At the Forex Network New York event, Galen Stops, editor of Profit & Loss, sat down with Rob Catalanello, CEO of B2C2 USA, to talk about whether the case for including cryptocurrencies in an investment portfolio is as strong as ever.
Galen Stops: In 2017 when the price of cryptocurrencies kept going up and up, the appreciation of these assets was an obvious argument in favour of investing in them. But now that we’ve seen the price come way down from those heady highs, is the case for including cryptocurrencies in an investment portfolio still as strong?
Rob Catalanello: Well, if you’d asked me 18 months ago, I would have said: don’t confuse brains with a bull market!
We’ve seen massive washouts in all sorts of markets over time. For example, crude oil went from nothing to $140 per barrel and then back down to $30, and then you had the tech stock bubble – back then I used to walk past the New York Stock Exchange and see some company that was selling coffee mugs online IPO-ing at $9 billion or something ridiculous like that.
This happens, but something that I’ve learnt in my career is that as assets mature and there’s a demand in the real economy for them, that’s when you start to get a base of value for those assets. I’ve spent the past two years working as a consultant for a couple of blockchain technology companies, and as the coin prices were ripping to the upside they, much like firms in the real economy, didn’t want to touch this because they couldn’t afford it, they couldn’t afford to pay a miner to put the block together for them. And as the price has come down, the demand for the underlying technology, whether utilising one of the existing coins or some other form of it, has really gone through the roof.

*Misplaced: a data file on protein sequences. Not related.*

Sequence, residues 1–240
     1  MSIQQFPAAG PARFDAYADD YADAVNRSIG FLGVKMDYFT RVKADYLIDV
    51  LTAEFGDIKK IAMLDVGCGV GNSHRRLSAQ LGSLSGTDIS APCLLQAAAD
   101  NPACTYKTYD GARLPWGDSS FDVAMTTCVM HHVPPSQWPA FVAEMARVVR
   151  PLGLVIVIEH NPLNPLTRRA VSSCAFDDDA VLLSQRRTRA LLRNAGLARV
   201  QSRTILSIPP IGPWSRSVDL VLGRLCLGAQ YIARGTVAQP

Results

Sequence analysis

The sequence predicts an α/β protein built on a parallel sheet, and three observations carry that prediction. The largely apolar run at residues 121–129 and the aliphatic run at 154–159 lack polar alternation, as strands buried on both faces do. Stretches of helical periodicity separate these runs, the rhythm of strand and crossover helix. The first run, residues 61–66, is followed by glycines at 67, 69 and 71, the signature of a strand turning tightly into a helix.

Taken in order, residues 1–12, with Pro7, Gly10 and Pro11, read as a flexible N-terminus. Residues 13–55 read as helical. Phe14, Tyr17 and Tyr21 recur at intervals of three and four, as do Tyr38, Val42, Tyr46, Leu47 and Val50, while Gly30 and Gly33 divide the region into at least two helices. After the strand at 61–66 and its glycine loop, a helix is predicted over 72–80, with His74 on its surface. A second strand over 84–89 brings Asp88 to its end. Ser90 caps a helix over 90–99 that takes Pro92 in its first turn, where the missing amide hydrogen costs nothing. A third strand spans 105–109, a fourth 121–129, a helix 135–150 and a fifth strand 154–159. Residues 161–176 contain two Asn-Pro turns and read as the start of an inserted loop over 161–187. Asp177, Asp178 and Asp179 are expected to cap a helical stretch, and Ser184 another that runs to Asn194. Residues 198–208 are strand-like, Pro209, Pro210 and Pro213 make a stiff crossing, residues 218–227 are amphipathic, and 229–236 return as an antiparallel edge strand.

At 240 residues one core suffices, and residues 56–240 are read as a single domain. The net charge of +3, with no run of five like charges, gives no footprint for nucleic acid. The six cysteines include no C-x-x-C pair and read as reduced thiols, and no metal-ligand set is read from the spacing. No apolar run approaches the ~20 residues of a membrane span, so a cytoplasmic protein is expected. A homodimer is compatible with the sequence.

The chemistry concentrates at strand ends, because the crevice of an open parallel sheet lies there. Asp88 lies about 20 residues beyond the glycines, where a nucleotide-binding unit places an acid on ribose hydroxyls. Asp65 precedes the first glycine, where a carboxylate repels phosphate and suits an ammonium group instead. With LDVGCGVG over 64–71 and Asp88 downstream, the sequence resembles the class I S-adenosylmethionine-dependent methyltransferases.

So for that reason, as well as the proliferation of other tokens that we’re seeing that are attached to hard assets, like oil or gold, I do think that there’s still a place for cryptoassets in investors’ portfolios.
GS: Another argument in favour of including cryptocurrencies in a portfolio that I’ve heard a lot is because they’re uncorrelated to other assets. But as more institutional level players get involved in this market, is that still the case? For example, we’ve seen a lot of prop trading firms become very active in the crypto markets, and because they trade across a number of different asset classes their models generally mean that if they get hit in one market it will impact their pricing in other markets. So doesn’t this start to naturally build correlations between cryptocurrencies and other assets?
RC: I actually did my master’s thesis in statistics and this question reminds me of something my advisor said when I was writing it. He said: “Give me a time series long enough and I can come up with any conclusion you want.”
What I’m saying here is that the actual time series of tradable prices and real data available in this space is very limited, so trying to come up with robust correlation calculations versus other asset classes is difficult.
It’s a bit like we saw in emerging market currencies – initially it was hedge funds that wanted to trade these currencies, liquidity was spotty and if something was happening in Indonesian rupiah they might want to trade Mexican pesos, or if something happened in Mexico they would start dumping pesos and buying other currencies. But once the corporate community got involved and started to hedge their revenues in emerging market currencies, that’s when the currencies became tradable and non-correlated. So I think we’re just going through a similar adjustment process in this asset class.
GS: Isn’t another problem just the scale at which most large institutional players invest? I mean, if I wanted to buy $1 billion of bitcoin, that’s probably going to be pretty challenging, especially considering there are people out there still trading via Skype…..
RC: The reality is that you really can’t buy $1 billion of bitcoin today, you just can’t.